European brown bears, which are thought to have disappeared in the Middle Ages, will roam beside grey wolves, the last of which were hunted to extinction in the 17th century, in a wood near Bristol.
The project, called Bear Wood, will give visitors the chance to see how these animals would have coexisted in the woodland that used to cover much of Britain.
Today only 13 per cent of the UK's total land area is covered in woodland and only 2 per cent is covered by ancient woodland, which has existed continuously since 1600 or before. Across the EU, an average of 35 per cent of land is covered in woodland.
Two Eurasian lynx and two wolverines will also live beside the bears and wolves in Bear Wood.
At first the four species will live in separate areas of the woodland, but it is hoped that in the near future they will be able to share the same 10,000 sq metre paddock.
From Wednesday the wolves will be brought into the adjoining paddock next to the bears which have been getting accustomed to the woodland over the past few months.
Visitors will be able to observe the animals from a raised wooden walkway and a viewing den with floor-to-ceiling glass windows
Dr Justin Morris, the chief executive of Bristol Zoological society, said: “Bears went extinct in the UK in the Middle Ages and the last wolves roamed free until around the 17th century, so it will be the first time the two animals have coexisted in around 1,000 years.”
“At the moment the different species are living in paddocks adjacent to one another, but at some point in the near future we will introduce them – when their keepers decide the time is right.”
Dr Morris said that it was already “amazing” to observe the bears exploring the ancient woodland.
“It’s fascinating to see the bears climbing to the top of massive ash and oak trees.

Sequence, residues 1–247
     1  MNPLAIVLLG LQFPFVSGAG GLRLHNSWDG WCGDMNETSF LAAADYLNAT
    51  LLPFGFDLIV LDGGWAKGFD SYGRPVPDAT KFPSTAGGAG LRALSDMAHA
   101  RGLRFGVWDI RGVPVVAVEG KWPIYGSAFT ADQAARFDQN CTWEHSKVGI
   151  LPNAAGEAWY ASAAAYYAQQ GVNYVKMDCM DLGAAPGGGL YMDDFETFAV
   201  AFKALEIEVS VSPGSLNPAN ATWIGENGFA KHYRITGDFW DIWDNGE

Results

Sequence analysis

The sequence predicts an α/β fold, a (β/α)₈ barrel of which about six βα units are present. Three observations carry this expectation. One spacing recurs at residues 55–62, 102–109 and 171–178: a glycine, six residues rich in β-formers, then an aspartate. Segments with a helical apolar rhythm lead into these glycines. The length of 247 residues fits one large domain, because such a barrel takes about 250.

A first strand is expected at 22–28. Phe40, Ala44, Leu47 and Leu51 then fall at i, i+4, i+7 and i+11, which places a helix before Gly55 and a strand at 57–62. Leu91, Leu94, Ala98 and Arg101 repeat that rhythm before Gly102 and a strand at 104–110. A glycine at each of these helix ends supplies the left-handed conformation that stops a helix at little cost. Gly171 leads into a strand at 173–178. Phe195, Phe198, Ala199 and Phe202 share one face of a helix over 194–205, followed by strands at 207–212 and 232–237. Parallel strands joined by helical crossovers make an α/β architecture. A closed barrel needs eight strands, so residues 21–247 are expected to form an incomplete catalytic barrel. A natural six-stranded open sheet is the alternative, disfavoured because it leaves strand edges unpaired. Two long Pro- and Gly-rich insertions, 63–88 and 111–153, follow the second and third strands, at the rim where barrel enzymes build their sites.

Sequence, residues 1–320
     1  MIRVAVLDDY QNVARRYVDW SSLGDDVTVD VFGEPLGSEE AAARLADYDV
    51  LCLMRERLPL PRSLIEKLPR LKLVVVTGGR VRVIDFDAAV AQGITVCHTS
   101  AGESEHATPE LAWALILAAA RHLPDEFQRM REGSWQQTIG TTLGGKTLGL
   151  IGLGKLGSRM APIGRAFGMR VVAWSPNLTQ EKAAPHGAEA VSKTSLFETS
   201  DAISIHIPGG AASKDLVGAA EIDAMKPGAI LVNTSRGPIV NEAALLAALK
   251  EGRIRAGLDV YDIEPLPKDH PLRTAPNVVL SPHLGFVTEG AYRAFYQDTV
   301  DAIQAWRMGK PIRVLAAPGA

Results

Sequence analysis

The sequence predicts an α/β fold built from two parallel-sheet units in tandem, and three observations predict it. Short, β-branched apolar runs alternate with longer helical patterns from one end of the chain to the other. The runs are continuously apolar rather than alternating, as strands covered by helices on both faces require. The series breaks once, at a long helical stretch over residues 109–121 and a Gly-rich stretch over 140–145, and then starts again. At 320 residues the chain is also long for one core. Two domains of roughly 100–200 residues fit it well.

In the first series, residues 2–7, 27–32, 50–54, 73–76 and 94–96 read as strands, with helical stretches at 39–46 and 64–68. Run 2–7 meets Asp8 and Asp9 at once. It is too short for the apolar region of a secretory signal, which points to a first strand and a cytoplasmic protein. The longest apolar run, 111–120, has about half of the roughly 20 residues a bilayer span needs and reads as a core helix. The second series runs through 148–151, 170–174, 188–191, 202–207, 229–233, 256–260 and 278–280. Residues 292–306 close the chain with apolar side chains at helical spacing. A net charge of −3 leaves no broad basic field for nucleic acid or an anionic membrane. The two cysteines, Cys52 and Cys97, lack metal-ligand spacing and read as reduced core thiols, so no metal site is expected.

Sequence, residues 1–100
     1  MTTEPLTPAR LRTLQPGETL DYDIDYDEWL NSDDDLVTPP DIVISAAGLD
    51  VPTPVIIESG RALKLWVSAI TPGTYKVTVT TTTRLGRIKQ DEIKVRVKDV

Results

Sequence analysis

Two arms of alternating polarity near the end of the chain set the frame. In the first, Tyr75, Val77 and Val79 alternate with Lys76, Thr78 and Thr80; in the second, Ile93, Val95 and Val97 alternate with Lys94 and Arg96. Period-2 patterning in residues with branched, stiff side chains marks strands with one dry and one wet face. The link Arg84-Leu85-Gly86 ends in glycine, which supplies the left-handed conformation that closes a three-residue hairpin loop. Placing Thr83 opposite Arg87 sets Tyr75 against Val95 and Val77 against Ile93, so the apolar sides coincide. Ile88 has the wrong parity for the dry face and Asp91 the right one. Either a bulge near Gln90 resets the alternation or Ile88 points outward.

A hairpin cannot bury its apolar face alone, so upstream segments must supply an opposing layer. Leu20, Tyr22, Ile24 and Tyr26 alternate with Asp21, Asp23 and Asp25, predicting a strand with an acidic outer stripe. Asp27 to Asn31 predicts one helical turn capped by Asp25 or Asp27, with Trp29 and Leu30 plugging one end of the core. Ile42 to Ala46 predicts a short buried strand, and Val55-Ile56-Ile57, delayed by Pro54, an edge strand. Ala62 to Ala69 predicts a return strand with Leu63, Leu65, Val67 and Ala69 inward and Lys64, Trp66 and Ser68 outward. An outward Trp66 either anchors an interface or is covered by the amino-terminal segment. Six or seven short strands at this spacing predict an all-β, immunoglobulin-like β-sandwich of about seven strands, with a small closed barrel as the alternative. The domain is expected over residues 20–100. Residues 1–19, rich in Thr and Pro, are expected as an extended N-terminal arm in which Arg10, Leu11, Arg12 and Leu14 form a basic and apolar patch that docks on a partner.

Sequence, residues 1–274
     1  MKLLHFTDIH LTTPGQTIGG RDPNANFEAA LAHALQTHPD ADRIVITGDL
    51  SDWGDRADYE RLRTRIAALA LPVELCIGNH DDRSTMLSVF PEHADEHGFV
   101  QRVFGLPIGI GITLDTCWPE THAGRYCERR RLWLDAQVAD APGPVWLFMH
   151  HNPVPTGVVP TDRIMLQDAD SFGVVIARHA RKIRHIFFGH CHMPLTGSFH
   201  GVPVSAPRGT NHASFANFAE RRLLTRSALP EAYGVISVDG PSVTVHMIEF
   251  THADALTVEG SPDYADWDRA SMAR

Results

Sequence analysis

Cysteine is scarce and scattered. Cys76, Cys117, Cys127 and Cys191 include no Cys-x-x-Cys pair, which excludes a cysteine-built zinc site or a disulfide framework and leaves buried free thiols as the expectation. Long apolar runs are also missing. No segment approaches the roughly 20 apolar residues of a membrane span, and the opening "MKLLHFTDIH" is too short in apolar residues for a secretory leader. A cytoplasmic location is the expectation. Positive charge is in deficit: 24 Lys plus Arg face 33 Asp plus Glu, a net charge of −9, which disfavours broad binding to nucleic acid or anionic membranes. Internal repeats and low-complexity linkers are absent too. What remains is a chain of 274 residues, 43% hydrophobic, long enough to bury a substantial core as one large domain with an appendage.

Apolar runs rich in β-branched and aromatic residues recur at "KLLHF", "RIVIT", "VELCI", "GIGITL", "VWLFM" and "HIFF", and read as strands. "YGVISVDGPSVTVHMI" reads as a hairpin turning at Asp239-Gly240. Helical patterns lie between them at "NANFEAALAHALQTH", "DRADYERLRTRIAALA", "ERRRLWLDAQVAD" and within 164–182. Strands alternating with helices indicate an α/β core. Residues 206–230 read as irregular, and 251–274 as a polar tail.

"Of course, they are perfectly adapted to climb these trees, but it’s surprising them balancing on the smaller branches.”
He added that experience of living alongside other native species would be enriching for the animals.
“It will be interesting to observe how they interact with one another and adapt to the different sights and smells they encounter.”
Dr Morris also said that the woodland itself is likely to benefit from the arrival of its new inhabitants.
“Bears naturally clear undergrowth. And with more light coming through, this will create a new habitat and encourage new species to grow.”
“We're excited that people are starting to recognise the value of British woodland, which is often overlooked when zoos concentrate on more exotic locations such as the African savannah and rainforest.
“We have a unique change to reach out to people so they can recognise the importance of our ancient woodland that remains.”
Last month, the government passed a law to cut greenhouse gas emissions to net zero by 2050.
One of the ways the government’s Committee on Climate Change say this target can be achieved is by offsetting emissions by planting trees and creating woodland.
“Ancient woodland is one of the richest habitats for wildlife in the UK, providing a home for hundreds of species of animals and plants,” explained Dr Christoph Schwitzer, chief zoological officer at Bristol Zoological Society.
“In order to protect what remains, we need to inspire the next generation about the importance of this unique habitat. We believe that the best way to do this is to immerse people in these woods and show them the amazing diversity that is at stake.”
Register for free to continue reading
Registration is a free and easy way to support our truly independent journalism
By registering, you will also enjoy limited access to Premium articles, exclusive newsletters, commenting, and virtual events with our leading journalists
Already have an account? sign in
Join our new commenting forum
Join thought-provoking conversations, follow other Independent readers and see their replies